Friday, March 28, 2008

Is the Fed Rethinking Its Policy Toward Asset Bubbles?

From Bloomberg:

Federal Reserve officials may be rethinking their aversion to acting against asset-price bubbles, an article of faith during former Chairman Alan Greenspan's 18 years at the helm.

After this month's near-collapse of Bear Stearns Cos., Minneapolis Fed Bank President Gary Stern -- the longest-serving policy maker -- said in a speech yesterday that it's possible ``to build support'' for practices ``designed to prevent excesses.'' New York Fed President Timothy Geithner, whose district bank took on almost $30 billion of Bear Stearns assets to rescue the firm, argued two years ago for a larger role for asset prices in decision-making, and there's no indication his views have changed.

For Fed policy makers, ``the consequences of their permissiveness have become so disastrous that they simply can't keep singing the same old tune in public,'' said Tom Schlesinger, executive director at the Financial Markets Center in Howardsville, Virginia.

While the soul-searching is unlikely to result in immediate changes to monetary policy, Stern's comments show how the credit freeze has forced officials to scrutinize long-held philosophies about the Fed's role in markets, and even ask how their current policies may undercut those views.

``As a risk manager, the Fed needs to take account of both directions, not just dealing with the aftermath,'' said Bruce Kasman, chief economist at JPMorgan Chase & Co. in New York. ``We have had two asset-prices bubbles in the last 10 years that have had big implications for the Fed's desire for a more stable macroeconomy.''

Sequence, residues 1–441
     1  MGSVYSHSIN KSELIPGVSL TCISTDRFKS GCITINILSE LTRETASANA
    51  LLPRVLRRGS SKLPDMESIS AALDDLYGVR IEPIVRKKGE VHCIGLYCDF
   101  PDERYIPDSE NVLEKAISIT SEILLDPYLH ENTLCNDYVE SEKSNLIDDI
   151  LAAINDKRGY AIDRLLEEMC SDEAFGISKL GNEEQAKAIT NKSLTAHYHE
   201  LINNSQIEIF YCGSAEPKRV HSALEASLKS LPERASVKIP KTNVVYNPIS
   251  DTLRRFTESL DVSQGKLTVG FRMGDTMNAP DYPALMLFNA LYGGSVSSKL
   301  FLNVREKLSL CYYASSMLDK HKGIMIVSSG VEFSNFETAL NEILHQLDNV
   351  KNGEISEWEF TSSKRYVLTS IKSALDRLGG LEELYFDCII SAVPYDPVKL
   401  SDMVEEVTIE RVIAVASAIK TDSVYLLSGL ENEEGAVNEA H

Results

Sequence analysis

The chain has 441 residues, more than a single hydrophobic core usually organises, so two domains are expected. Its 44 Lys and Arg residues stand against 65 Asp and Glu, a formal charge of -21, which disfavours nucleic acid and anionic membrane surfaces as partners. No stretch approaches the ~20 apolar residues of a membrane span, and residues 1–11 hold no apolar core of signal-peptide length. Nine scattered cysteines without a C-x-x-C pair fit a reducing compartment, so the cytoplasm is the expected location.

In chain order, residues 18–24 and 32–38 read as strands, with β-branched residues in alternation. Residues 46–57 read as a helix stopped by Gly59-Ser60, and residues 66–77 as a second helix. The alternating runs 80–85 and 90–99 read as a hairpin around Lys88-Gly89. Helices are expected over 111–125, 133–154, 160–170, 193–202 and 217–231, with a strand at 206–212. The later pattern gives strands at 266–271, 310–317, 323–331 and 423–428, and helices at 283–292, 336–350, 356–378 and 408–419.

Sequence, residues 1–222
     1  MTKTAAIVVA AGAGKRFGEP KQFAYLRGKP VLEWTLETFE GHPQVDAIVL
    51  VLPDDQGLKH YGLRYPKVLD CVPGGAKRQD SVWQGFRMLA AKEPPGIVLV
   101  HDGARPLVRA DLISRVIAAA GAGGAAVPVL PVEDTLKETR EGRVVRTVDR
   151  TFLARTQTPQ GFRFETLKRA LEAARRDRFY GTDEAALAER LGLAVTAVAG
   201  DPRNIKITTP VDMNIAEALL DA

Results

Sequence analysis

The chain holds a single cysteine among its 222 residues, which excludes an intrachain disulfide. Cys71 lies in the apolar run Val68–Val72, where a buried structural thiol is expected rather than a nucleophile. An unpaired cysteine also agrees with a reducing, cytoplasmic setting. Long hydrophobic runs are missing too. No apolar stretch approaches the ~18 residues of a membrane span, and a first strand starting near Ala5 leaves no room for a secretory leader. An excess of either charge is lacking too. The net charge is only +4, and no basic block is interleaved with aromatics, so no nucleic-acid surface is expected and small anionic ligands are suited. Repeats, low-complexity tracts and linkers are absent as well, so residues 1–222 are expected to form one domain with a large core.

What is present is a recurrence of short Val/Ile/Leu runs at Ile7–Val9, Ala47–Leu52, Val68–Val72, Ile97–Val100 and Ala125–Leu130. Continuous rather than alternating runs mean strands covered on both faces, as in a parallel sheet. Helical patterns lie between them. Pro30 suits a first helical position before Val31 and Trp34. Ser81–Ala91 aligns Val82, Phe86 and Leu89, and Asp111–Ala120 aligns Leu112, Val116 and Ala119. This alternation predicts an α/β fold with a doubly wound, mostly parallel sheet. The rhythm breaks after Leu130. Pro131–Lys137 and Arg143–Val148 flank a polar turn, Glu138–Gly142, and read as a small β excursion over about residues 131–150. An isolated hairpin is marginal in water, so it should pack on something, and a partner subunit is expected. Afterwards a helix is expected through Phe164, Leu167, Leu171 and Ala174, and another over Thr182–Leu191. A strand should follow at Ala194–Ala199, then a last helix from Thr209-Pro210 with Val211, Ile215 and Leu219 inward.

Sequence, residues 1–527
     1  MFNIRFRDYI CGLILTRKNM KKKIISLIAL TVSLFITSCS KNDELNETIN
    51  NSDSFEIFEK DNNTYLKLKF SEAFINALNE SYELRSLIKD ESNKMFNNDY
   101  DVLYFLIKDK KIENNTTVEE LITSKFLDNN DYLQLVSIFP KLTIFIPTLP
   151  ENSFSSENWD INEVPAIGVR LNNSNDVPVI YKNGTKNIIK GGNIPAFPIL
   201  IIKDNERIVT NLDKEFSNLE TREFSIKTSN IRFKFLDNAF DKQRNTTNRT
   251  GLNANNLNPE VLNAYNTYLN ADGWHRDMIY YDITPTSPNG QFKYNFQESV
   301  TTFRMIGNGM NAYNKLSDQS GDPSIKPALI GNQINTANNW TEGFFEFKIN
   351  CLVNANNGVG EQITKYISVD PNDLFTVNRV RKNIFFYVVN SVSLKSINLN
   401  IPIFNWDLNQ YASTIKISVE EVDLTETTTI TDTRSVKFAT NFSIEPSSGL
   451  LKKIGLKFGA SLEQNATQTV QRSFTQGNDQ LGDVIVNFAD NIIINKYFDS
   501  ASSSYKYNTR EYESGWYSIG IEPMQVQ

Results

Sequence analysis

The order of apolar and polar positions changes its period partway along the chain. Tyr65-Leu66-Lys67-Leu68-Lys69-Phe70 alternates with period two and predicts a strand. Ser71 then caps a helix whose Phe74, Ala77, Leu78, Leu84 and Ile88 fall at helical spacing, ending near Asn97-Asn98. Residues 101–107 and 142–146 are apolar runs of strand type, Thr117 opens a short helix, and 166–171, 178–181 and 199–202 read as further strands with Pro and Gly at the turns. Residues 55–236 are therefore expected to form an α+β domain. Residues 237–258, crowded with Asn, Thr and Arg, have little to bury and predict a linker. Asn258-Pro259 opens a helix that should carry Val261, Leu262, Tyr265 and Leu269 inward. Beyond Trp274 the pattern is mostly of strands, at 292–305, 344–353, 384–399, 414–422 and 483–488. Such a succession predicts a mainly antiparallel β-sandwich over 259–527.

While it is easy to criticize the Fed for its lax policies (God knows I have done it many times), the reality is the situation is far more complicated. When the economy is slowing (as it is now) lowering rate is the primary method the Fed has to soften the landing. However, how low is too low? At what point do low rates which are supposed to stimulate economic growth become excessively low, encouraging reckless behavior? And how soon after the economy comes out of a recession should the Fed raise rates? This is a difficult balancing act.

However, I am pleased to see a tacit understanding from the Fed that their policies have in fact been a reason for today's problems. Something I am sick and tired of hearing is the "we had no idea this would happen" defense -- especially from a bunch of economists who are well aware of basic supply and demand. When Greenspan tells everyone that he had no idea the reckless lending would happen it takes all of my resolve not to throw large objects at the television screen.